Stress is often the byproduct of having a full plate, sometimes an overflowing plate. It is easy to lose sight of the fact that we have much choice about what goes onto our plate. We can choose where to devote our time, energy, and attention. Instead of saying yes to piling on our plate, we have the ability to say no.
The popular quote from Steve Jobs—“Innovation means saying no to 1000 things”—can tell us as much about managing stress as it does about innovation. Saying no to some things means saying yes to other things. It means triaging, preserving limited resources for what matters most.
Saying no is not about closing doors but instead about creating space for your most vital work to flourish.
The cost of spreading yourself thin
Strategy is about being smart with your priorities—committing your company to initiatives that will yield the highest return and that fit into a long-term vision. Organizations that take on too many commitments hamper their chances of success.
All too often, leaders are unable or unwilling to make the necessary difficult choices. A Harvard Business Review study found that 64% of executives surveyed globally report they have too many conflicting priorities. Organizations that overcommit inevitably have overwhelmed and stressed employees. The good news is that companies who do make hard choices are rewarded for doing so. The same study found that firms with fewer strategic priorities experienced higher revenue growth.
People look to business leaders for vision—someone who can separate the signal from the noise. Before you can have a vision, you must first have clarity—and clarity involves simplifying and saying no.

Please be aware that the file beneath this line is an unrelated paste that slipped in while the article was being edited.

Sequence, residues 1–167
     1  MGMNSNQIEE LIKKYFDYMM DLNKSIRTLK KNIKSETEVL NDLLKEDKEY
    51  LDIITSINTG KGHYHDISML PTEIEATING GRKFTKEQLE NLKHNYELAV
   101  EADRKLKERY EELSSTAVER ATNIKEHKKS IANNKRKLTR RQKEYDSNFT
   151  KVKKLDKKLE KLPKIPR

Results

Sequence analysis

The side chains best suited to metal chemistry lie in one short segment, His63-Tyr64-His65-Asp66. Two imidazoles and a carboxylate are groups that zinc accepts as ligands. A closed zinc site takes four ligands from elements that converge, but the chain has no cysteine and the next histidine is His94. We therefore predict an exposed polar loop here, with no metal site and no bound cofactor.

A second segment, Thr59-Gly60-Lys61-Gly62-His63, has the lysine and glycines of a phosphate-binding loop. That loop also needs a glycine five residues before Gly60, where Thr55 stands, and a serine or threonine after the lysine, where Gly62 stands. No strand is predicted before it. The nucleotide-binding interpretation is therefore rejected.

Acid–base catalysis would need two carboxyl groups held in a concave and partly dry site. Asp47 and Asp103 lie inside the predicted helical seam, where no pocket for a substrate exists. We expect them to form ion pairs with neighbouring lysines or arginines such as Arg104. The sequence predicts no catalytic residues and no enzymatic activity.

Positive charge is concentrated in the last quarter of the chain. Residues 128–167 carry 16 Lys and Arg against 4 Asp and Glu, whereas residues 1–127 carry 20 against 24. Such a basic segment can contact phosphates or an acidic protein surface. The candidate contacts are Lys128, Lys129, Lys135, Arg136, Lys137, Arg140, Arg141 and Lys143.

The curse of interruptions
Leaders need to make tough decisions about big things like strategic priorities, and about smaller matters as well. The Steve Jobs quote may sound like an exaggeration at first, but we make thousands of decisions every day. Some are minor, but many have consequences for where we invest our time and energy.
Decisions about what to focus on and for how long have substantial ripple effects. Research at the University of California on “task switching” finds that information workers switch tasks roughly every three minutes, and switch projects approximately every ten minutes. Half of these interruptions are self-initiated. Constant switching generates pressure to work faster and higher stress levels.
For projects that require sustained focus, we must find the discipline to carve out blocks of uninterrupted time (preferably in blocks of 90 minutes). We can improve organizational performance by making it easier for employees to do so as well. One strategy for minimizing interruptions is to designate a day of the week as meeting-free. Employees will value the opportunity to see crucial projects through to completion, and to have greater control over their workday.
Delegate and develop